We recently pitched for a new client relationship in the home market and during that process I realised quite how much we knew about retail. Which is at its most compelling when you consider we were sitting in front of a brand not a retailer.

Our beliefs and understanding are built on three interrelated areas – the shopper’s relationship with the brand, the brands relationship with the retailer and the retailer’s relationship with the shopper – all flowing seamlessly between each other. Three simple words Shopper – Brand – Retail.

But as I began to talk about Retail it dawned on me that our spectrum of consideration is actually incredibly broad and leads to a partnership with a client that delivers two immortal words – listings & sales.

Our approach is rigorous and can seem a little intrusive – stepping onto the hollowed ground of the sales team – but our results speak for themselves and it’s why we build long lasting relationships.

Determining a sustainable strategy for a brand involves a lot of listening and observing and when we think about a brand we use the three R’s – Retail safari, Retail relationship and Retail story.

Retail safari is our strategic tool to analyse & explore the retail environment – essentially what its like to shop for a brand (on & offline). Done collaboratively with the client, we see what a shopper sees as they journey towards the shelf, the product & the till. We explore the competitive context, the category rules (so we know which ones to break) and also look to other categories for inspiration.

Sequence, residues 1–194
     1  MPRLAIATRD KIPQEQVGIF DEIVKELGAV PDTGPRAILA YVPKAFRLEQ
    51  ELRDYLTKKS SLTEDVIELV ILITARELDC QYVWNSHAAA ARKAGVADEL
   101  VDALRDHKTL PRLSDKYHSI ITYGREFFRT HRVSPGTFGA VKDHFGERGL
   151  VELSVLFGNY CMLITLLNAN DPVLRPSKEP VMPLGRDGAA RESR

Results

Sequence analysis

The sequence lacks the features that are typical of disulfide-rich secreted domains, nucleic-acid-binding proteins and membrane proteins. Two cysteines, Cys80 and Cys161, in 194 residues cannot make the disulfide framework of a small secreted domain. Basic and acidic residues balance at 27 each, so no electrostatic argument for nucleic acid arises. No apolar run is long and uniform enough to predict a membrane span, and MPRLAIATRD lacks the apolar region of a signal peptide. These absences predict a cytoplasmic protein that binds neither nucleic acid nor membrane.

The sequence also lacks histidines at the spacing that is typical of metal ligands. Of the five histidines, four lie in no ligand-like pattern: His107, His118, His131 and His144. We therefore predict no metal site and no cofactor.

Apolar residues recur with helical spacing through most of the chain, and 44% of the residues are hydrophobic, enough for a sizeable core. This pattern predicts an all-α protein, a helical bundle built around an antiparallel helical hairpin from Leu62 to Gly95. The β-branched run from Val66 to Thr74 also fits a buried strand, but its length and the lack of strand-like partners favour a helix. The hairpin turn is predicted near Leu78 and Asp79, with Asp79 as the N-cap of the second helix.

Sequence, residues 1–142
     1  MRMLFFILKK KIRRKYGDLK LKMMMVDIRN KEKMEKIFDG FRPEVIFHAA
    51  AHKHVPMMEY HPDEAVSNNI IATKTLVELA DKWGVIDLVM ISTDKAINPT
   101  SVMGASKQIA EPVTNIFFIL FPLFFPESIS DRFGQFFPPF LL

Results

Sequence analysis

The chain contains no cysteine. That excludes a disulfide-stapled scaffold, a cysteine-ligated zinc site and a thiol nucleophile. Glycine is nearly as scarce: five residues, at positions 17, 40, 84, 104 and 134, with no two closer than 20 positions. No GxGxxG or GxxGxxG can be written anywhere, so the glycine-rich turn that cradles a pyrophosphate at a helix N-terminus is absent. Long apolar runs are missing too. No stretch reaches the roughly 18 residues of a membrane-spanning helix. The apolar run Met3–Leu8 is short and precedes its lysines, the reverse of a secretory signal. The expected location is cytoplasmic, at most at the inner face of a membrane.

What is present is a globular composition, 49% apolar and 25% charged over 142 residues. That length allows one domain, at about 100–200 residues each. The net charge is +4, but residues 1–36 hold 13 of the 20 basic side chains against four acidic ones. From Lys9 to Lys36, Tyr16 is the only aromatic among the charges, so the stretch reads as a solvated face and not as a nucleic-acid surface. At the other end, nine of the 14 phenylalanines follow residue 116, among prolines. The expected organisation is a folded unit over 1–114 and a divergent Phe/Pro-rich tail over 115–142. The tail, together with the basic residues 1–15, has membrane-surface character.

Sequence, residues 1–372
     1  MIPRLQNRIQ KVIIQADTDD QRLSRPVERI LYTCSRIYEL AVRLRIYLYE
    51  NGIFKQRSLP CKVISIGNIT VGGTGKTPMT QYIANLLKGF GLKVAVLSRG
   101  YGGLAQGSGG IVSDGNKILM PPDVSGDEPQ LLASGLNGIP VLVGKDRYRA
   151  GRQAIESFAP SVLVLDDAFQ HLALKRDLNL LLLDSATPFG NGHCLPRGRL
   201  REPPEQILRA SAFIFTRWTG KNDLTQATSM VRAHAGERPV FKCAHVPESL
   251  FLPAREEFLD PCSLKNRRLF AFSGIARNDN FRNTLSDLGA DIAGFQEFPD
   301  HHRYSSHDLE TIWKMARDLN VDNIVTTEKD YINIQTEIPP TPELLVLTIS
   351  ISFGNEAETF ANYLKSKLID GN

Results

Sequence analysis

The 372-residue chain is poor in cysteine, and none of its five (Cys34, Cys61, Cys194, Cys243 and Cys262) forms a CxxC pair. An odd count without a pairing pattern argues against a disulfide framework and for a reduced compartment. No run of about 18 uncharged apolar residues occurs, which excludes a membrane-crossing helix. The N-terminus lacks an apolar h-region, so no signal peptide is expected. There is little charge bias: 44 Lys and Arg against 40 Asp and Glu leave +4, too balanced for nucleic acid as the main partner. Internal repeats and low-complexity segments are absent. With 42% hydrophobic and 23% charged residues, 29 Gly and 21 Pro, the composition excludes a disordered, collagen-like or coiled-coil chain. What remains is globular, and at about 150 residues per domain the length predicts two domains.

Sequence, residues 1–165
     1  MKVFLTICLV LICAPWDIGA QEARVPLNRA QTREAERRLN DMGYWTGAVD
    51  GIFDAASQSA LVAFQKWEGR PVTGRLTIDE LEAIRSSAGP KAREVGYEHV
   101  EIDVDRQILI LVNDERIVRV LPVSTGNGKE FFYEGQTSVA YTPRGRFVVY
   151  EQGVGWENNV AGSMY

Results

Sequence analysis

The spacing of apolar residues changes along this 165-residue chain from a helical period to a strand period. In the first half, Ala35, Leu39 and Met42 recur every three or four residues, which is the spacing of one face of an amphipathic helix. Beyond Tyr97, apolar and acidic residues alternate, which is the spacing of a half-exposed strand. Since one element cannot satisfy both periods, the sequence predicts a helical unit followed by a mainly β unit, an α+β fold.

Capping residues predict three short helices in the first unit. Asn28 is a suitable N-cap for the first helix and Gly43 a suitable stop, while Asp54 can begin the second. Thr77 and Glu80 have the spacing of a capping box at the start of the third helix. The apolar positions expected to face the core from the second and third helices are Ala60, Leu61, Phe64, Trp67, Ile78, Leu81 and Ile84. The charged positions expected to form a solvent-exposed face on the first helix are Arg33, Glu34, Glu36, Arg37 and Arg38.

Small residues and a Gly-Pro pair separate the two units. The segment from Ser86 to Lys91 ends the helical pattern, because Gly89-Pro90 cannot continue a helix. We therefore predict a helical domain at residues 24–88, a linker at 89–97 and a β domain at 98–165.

Retail relationship – Now we focus on the brands relationship with the retailer as a customer (which obviously varies by the retailer). Talking to the sales team, we glean what the key drivers to purchase are – we can’t influence the commercials or the product but we can influence the reason to list the brand and the reason that those retailers’ shoppers should be given access to the brand. Crucially, we build relationships with the sales team as all our experience shows any changes or developments to the brand need to have the sales team on board to enable you to take the retailer on the journey with you.

Finally the Retail story – even down to what do the sales assistants think. The degree to which we explore this avenue largely depends on the category – in high-ticket items they can be a valuable source of knowledge and often an amazing source of shopper insight.

The results of this analysis are twofold – a more compelling commercial story to gain listings built on a compelling story for that retailer to increase sales.

Sue Benson – Managing Director